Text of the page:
The reality is more complex. Schwartz’ vote for the farm bill came after an extensive push by her to insert $125 million for a program that offers financial aid for building new supermarkets in food deserts — low-income neighborhoods that were abandoned by groceries a generation ago and now lack healthy food options, The program that Schwartz successfully added is modeled after a program that was conceived by activists and lawmakers here in Philadelphia and has been pretty darned successful, as anyone who’s noticed the spanking new supermarkets in places like West Philly or Brewerytown would attest.
Lawmaking is nuanced — but nuance is the kiss of death in today’s party primary. Some of Schwartz’ problems like her involvement with Third Way are self-inflicted, but it is hard to deal with the sinkhole that is Congress while her rivals who don’t have to cast votes are out winning environmental endorsements or throwing up their pro-pot billboards.
The fresh food financing initiative is a very good program, if less impactful than state government simply letting all supermarkets sell booze. And to supporters, this is an example of Schwartz’s ability to engage constructively with Republican lawmakers – a skill they believe will pay dividends should Schwartz become Governor, since it is exceedingly unlikely that Democrats will flip the PA House in addition to the state Senate.
In this telling, Schwartz has put in important work building trust with the dwindling ranks of the responsible wing of the Republican Party in the US House, and that reputation will carry over to lawmaking in Harrisburg.
That’s understandable – trust is important, and the human element of legislative politics is frequently underrated by people like myself who are looking at these negotiations from 10,000 feet.
What I can’t understand is why Schwartz didn’t burn the Republicans at the very last minute, once her fresh food program was safely inserted into the bill and cleared for passage. Why didn’t she tell them she’d vote for the bill in exchange for the program, and then say “Psych!” and not vote for it in the roll call?
Schwartz supporters would probably say that she’d see this as irresponsible, because it would damage her relationship with Republican House members she’s built trust with.
There’s an obvious counter to this argument. She’s leaving in less than a year! Daylin Leach or Val Arkoosh will replace her in the 13th District in the next session.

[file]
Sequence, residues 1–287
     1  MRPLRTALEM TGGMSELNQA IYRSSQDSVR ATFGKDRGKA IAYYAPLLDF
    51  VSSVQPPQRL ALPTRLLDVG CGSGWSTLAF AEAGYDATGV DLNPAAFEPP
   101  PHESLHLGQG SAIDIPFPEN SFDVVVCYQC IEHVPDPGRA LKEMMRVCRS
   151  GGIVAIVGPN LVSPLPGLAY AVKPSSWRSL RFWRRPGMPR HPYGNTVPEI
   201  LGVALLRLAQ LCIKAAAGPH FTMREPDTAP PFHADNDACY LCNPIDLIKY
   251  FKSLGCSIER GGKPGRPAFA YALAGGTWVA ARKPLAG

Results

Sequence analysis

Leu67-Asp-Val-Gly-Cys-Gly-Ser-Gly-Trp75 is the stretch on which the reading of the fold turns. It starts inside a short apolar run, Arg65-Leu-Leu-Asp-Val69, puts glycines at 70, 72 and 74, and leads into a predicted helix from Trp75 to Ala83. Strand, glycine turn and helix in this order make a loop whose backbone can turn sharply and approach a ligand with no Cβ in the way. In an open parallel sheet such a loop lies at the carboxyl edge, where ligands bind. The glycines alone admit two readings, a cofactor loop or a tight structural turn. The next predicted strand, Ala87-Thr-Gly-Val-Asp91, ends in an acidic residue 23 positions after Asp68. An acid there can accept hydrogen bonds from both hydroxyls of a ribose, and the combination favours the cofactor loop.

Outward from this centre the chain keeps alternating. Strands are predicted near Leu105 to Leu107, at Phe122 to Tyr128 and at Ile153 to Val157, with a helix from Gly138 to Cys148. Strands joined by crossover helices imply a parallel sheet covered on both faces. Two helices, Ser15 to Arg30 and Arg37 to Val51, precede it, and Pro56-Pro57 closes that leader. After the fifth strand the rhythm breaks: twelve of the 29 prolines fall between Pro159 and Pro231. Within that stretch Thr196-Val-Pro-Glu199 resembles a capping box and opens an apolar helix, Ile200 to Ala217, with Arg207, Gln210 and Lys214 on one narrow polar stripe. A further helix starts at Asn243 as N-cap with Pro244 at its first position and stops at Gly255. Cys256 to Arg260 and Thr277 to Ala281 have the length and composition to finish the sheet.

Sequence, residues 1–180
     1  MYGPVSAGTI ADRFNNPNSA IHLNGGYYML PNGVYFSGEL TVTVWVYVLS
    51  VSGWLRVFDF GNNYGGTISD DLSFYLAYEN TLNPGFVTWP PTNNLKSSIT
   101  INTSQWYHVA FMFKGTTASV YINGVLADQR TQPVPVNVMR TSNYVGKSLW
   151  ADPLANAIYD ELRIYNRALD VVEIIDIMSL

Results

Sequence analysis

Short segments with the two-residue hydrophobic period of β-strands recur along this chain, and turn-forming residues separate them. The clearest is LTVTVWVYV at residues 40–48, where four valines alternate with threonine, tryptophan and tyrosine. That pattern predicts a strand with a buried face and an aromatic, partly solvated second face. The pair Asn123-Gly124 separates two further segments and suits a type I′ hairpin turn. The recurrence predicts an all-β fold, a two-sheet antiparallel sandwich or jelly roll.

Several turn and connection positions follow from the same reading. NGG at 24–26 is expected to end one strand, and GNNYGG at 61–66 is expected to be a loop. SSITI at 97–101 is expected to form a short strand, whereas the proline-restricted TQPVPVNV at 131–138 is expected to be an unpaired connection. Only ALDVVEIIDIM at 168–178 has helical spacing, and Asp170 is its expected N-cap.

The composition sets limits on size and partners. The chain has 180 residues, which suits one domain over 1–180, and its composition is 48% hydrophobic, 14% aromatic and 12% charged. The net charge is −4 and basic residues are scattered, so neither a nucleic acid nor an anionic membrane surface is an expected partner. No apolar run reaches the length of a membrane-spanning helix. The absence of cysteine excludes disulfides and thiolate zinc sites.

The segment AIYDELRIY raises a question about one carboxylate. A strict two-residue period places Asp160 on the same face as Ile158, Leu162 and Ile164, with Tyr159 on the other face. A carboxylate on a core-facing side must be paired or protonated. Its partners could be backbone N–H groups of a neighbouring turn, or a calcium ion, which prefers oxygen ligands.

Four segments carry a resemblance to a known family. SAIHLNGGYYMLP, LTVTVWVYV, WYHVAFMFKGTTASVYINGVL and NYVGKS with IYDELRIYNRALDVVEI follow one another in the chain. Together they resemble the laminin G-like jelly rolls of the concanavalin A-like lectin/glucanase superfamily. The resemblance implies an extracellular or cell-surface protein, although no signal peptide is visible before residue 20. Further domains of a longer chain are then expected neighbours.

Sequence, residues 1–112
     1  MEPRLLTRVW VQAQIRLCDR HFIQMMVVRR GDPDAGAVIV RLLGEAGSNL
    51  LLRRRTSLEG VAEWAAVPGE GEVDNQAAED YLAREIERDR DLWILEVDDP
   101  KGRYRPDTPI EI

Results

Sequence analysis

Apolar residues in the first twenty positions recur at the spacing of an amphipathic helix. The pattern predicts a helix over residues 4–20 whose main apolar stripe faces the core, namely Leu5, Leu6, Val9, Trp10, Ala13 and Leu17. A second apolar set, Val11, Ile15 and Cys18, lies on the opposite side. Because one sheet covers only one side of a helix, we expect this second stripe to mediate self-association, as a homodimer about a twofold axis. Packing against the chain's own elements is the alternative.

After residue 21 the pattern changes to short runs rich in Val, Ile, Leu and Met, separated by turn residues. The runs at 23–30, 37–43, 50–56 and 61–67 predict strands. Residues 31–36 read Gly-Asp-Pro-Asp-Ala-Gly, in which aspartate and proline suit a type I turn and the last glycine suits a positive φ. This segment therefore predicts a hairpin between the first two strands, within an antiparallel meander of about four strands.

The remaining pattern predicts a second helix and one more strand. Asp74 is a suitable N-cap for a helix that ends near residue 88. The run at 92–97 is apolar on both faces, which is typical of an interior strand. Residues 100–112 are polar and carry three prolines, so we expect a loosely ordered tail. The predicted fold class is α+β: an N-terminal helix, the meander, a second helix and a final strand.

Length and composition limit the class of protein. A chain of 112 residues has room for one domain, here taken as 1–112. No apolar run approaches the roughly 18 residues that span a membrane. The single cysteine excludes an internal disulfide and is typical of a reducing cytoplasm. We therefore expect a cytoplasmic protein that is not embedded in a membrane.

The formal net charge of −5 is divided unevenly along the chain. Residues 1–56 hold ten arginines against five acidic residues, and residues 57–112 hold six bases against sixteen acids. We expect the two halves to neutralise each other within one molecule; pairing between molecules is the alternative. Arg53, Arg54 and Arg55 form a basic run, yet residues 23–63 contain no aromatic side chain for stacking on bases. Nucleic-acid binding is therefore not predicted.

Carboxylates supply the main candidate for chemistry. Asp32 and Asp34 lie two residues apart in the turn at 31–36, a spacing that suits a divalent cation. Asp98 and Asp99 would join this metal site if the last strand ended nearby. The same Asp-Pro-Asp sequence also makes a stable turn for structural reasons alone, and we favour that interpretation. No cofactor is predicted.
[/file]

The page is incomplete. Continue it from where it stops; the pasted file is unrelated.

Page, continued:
And what’s truly irresponsible is cutting food subsidies for 175,000 households, or about $65 a month from those who can least afford it. These benefits already are not generous, and as we’ve seen from the SNAP Challenge accounts of people who have tried to live on $4.50 a day, it makes you really tired and hinders your ability to make good decisions. Cutting $65 a month from that is only going to make life harder for people.
What’s actually more important? Schwartz’s responsibility to the House Republicans to vote for their bill in exchange for their inclusion of her fresh food program? Or her responsibility to Pennsylvania’s poorest households not to take food off their tables? On consequentialist grounds, the choice not to burn the Republicans at the last minute seems repugnant.
And politically, this is just horrible Governor’s race politics. Schwartz supporters would probably say that this shows she is a hard-headed leader who is willing to do the right thing, even at the risk of exposing herself to political attacks. But again, what really was the right thing to do here? Not only did Democrats not want her to take this vote, but it weakens her ability to claim a strong contrast with Tom Corbett on the issue of poverty in the general election, not to mention the primary.
Allyson Schwartz has been an important friend to progressives on key issues like equality and women’s health and privacy. But she does have a conservative streak, and not even on issues where conservative positions are popular. It’s votes like this that are leading many activists I know to conclude, unfairly or not, that her Congressional voting record could be an albatross in the general election, and start looking to candidates who do not carry the baggage of a long voting record.